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    Re: Partitioning tips (Score: 2, Interesting)
    by ChuukNoris on Wednesday, April 03 @ 21:11:23 BST
    (User Info)

    Just to expound on points #1 and #2 above:

    One of the major reasons to have different partitions, that I haven’t seen explicitly mentioned here, is that it really helps with system security. Indeed, mounting /usr (and as many other partitions as possible) read only is one of the best things you can do for your system. Not only does it prevent file permission problems (as GoRK rightfully mentioned), but there is probably a good chance that it will stop script kiddies from easily taking over your entire system. I only say this because I’m expecting the average h4x0r or worm not to know how to deal with such things. Of course, this may not be a valid assumption.

    More importantly, there are an entire class of vulnerabilities that can be prevented by keeping things on different partitions. To oversimplify a bit, most of the `race conditions’ that one hears about can be thawarted by partitioning.

    Here’s why. If some program has an exploitable race condition, it can often be exploited by making a hard link (with the `ln’ command) to some other file, say in /etc. Then the malicious user can overwrite, say, your /etc/passwd file, at best causing a denial of service attack (as no one will be able to log in), at worst gaining root access. If /tmp is on it’s own parition, however, it can only be used to overwrite other files in /tmp.

    Every directory that users (i.e. not root) have write access to should be on a different partition than all of your programs (/usr, /bin, /sbin …) and configuration files (/etc). This, combined with mounting everything possible as read-only, is the first step to really securing a UNIX system.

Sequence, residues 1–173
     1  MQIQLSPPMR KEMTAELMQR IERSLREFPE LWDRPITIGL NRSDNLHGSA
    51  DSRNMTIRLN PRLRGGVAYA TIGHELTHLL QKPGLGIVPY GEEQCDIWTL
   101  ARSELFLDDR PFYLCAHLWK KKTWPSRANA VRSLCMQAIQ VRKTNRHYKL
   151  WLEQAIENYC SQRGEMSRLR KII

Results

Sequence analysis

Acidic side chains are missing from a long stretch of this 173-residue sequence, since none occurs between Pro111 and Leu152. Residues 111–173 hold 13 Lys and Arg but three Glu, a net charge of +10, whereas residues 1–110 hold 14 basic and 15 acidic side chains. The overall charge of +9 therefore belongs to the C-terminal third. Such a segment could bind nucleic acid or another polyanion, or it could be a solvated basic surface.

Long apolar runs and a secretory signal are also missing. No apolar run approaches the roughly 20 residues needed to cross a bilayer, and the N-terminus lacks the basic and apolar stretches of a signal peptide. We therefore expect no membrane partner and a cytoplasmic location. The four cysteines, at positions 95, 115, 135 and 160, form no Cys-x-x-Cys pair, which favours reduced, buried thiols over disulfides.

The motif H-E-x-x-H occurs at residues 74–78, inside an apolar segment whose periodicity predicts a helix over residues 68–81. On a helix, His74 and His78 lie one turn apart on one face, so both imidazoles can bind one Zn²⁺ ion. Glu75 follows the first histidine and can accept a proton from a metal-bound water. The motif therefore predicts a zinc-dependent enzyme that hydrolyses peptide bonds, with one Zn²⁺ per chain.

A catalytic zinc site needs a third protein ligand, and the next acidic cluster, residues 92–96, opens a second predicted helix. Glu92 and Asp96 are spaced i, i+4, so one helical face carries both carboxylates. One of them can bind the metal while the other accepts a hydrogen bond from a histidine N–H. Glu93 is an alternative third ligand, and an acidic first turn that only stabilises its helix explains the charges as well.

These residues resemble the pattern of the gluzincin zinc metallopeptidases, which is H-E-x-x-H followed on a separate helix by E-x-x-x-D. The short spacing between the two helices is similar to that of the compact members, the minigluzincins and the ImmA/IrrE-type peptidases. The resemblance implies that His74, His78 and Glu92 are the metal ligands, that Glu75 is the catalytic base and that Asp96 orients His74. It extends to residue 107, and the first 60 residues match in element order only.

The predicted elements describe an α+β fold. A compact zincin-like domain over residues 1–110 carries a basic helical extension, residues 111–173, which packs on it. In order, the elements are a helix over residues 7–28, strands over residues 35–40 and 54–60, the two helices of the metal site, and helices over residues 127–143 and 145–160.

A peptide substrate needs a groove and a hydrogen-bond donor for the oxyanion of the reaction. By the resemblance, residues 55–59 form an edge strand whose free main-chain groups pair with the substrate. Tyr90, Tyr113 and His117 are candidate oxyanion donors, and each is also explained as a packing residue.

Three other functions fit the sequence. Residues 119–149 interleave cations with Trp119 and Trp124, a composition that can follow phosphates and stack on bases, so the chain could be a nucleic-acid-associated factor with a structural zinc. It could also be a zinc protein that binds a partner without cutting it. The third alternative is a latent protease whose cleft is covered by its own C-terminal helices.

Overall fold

(Incidently, if you do decide to mount /usr as read only, check out this

    for information on how to make apt automatically
    re-mount it rw and ro again.)

    Keeping everything on seperate partitions will also allow you to use some of the more paranoid mounting flags, such as nodev and nosuid. Since there’s *usually* no reason for anyone to be creating devices anywhere except /dev, and almost never a reason for there to be setuid binaries in /tmp or /var, you can make it even more difficult for someone to break into your system. Note that many script kiddy ready exploit scripts on the Internet try to do things like create a setuid root shell in /tmp. Also, be very careful about settings these flags– some programs do need devices in wierd places.

    I realize after rereading what I’ve written that
    it’s not really oriented twoard the new UNIX user or admin. Some of the topics I’ve only briefly glossed over, such as race conditions, can get
    pretty complex and there are much better explinations of how they work already out there.
    That said, as far as a home system goes, it really depends on how secure you want to be vs. ease of use. All of this paritioning does tend to make life a pain in the ass when you need to download that 4GB file but only have 3.5 GB availabile in /home and 3.5 GB available in /var 🙂 But for a server it’s invaluable.


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